Formula 1’s Cost Cap Era is Finally Here: Toppling the Big Guns

For the first time in the sport’s history, Formula 1 is implementing a salary cap. 

On Oct. 31, the renowned motorsport organization announced a vast series of rule changes for the upcoming 2021 season. 

They’re meant to increase competitiveness by reducing the gap between the teams at the top and teams in the back of the pack, more commonly known as “backmarkers.” These changes include redesigning cars to be simpler and more aerodynamic, introducing slimmer tires and setting a limit on how much a team can spend on developing their cars. 

This cost cap is set at $175 million and operates similar to that of a salary cap in sports such as the NHL and NFL. According to Formula 1’s website, the $175 million will cover only the costs relating to the production of a team’s cars. It will not cover costs relating to driver salaries or marketing, which remains up to a team’s discretion. 

This means that teams with large amounts of capital will spend up to the same amount to engineer their cars as teams that may have smaller facilities or a lesser amount of sponsors. The cost cap system will go through a “dummy run” next season, as the governing body of Formula 1, the Federation Internationale de l’Automobile (FIA), will test out how effective its implementation will be. When the 2021 season arrives, they’ll be the ones enforcing the cost cap and punishing teams that violate the agreement by potentially handing out fines, race disqualifications and exclusions from the Constructors Championship.

As an unconfident fan of a Formula 1 backmarker team, RoKit Williams Racing, these rule changes have further reinvigorated my love for the sport. No longer will the teams with the most sponsors and market appeal get the best cars. Similar to the years prior to the introduction of the salary cap in MLB, it gets boring seeing the same teams winning all the time. Lewis Hamilton and his team, Mercedes AMG, win race after race, title after title. He’s the Tom Brady of Formula 1, and his team is the Patriots. While Ferrari and Red Bull Racing have pulled together some formidable results the past few seasons, teams like Renault, McLaren and Racing Point are perpetually stuck in the middle of the pack because of their inferior development and testing budgets to the larger teams.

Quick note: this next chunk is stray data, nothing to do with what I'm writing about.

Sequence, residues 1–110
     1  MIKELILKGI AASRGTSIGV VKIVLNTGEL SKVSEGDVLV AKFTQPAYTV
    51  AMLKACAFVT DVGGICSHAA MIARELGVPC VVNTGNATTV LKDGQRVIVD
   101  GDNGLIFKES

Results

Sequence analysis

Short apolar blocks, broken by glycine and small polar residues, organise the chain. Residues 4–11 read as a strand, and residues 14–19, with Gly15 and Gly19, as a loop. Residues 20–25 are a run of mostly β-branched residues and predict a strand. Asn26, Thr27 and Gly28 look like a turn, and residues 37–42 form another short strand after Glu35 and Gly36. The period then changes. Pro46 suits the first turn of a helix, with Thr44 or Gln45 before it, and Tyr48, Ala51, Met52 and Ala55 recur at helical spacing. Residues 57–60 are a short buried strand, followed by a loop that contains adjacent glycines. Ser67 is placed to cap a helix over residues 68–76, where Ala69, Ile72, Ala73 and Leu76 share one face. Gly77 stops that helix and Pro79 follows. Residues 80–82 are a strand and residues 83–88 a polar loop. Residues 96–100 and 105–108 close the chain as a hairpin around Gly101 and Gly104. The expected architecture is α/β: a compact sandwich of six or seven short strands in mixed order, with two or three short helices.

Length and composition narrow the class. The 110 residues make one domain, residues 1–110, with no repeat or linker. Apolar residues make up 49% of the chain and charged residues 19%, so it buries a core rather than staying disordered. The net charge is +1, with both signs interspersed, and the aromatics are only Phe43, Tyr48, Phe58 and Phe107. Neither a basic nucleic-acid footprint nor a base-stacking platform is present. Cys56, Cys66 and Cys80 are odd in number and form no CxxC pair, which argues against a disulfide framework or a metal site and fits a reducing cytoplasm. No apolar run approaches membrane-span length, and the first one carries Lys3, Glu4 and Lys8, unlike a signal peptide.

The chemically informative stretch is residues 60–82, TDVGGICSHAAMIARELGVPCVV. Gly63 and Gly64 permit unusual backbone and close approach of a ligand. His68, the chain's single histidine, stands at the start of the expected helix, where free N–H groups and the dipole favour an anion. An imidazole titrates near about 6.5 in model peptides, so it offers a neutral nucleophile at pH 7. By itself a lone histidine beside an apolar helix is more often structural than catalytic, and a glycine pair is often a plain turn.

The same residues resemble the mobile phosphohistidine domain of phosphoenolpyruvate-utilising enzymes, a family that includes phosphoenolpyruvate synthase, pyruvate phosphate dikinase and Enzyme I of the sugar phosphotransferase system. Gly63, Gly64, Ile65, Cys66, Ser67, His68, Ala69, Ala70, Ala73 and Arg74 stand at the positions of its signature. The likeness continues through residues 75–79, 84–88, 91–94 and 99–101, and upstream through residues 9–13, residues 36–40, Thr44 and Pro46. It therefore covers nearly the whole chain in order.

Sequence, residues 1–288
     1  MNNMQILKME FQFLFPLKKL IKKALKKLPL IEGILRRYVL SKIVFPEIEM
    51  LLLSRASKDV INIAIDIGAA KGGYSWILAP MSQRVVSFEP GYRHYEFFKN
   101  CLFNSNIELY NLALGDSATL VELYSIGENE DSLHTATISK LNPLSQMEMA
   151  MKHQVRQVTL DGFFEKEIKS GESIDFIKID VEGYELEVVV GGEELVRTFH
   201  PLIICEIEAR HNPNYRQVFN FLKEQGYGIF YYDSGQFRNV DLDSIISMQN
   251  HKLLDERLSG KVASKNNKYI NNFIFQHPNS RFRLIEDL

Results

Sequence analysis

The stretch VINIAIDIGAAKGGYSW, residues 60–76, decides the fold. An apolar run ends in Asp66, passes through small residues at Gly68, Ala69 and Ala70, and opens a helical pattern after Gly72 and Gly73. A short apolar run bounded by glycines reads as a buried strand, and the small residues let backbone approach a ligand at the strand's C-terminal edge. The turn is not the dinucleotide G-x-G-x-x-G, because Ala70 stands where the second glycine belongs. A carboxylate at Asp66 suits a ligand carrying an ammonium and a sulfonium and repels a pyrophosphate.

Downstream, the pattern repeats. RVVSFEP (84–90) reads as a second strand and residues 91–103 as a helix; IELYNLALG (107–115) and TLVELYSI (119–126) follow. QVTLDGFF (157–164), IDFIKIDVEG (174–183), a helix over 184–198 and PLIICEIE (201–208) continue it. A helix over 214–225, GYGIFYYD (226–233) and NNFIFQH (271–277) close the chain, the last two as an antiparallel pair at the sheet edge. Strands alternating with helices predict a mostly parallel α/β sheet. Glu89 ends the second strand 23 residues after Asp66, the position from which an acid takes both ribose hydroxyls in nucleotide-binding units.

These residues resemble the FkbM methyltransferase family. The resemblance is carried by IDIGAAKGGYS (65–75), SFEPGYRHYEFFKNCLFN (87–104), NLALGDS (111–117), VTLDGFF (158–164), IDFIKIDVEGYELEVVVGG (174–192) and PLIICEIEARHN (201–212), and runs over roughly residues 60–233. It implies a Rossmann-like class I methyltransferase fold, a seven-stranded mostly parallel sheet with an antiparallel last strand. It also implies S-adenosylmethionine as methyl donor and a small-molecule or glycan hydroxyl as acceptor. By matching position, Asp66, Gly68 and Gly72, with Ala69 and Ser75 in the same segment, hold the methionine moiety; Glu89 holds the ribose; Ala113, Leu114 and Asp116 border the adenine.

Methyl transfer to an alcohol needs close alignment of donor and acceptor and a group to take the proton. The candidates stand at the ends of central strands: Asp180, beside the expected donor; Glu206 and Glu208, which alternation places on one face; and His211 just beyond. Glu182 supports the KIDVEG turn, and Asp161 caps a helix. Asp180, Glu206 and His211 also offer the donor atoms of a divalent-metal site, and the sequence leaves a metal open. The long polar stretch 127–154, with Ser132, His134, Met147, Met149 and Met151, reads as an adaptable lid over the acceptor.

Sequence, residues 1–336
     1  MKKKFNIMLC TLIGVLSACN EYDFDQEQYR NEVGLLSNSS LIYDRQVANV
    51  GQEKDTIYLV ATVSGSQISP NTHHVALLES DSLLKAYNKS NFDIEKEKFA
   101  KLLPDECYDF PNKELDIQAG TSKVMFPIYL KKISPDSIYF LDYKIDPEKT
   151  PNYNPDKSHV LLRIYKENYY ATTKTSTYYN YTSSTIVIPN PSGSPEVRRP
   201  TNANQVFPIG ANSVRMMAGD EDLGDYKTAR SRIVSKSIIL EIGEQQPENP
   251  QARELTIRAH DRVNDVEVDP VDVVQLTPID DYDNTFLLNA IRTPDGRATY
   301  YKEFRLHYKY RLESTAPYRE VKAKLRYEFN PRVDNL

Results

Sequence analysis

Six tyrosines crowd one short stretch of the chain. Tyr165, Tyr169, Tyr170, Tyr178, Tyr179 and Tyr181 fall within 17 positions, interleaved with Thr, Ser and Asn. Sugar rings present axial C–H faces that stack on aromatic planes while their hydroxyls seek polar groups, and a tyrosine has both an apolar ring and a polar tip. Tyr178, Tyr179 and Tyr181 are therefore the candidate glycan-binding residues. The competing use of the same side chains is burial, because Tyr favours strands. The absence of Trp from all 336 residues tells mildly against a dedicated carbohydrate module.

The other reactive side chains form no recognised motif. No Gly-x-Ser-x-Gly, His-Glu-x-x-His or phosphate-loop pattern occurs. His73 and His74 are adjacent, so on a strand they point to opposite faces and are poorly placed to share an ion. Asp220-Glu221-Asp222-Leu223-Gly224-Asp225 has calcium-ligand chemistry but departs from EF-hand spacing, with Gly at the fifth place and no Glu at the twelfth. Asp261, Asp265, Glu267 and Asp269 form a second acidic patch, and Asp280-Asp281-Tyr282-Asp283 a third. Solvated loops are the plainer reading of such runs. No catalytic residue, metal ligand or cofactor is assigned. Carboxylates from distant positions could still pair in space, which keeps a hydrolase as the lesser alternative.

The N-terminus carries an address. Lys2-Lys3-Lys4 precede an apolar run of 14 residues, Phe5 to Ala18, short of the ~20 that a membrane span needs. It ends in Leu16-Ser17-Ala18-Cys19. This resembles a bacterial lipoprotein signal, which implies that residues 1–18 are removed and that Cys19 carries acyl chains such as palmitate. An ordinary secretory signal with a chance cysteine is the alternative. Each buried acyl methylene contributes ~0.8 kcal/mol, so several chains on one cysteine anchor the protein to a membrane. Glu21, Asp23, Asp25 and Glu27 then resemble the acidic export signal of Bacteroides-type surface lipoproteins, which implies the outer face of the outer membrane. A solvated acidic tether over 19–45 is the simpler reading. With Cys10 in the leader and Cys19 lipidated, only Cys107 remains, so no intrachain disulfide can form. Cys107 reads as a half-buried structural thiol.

And then, there’s my team: Williams.

They used to be the best of the best, dominating throughout the ’80s and ’90s with nine Constructor’s Championships through that span, with their most recent title win in 1997. They’ve employed some of the best drivers in the sport, including Nigel Mansell, Damon Hill, Jacques Villeneuve and Ayrton Senna. Since then, the fabled British team has faded into obscurity, producing some solid results in the early 2000’s and mid-2010’s before slowly declining to the lovable, pokey backmarkers we see today. I’ve considered switching allegiances time and time again this season with their same mediocre 19th and 20th place finishes for nearly every race, yet I keep refraining. 

With the new cap, I can finally see a light at the end of the tunnel. With visions of Williams and other midfielders and backmarkers finally getting a chance to challenge the big boys at the front, I’m ecstatic for the 2021 season to arrive.

Jared LaBrecque
About Jared LaBrecque 36 Articles
Jared LaBrecque is a third-year transfer student studying journalism. This is his second semester on The Oracle. He was a news copy editor in his first semester on staff before transitioning to sports the following semester. His favorite sports are hockey and Formula 1.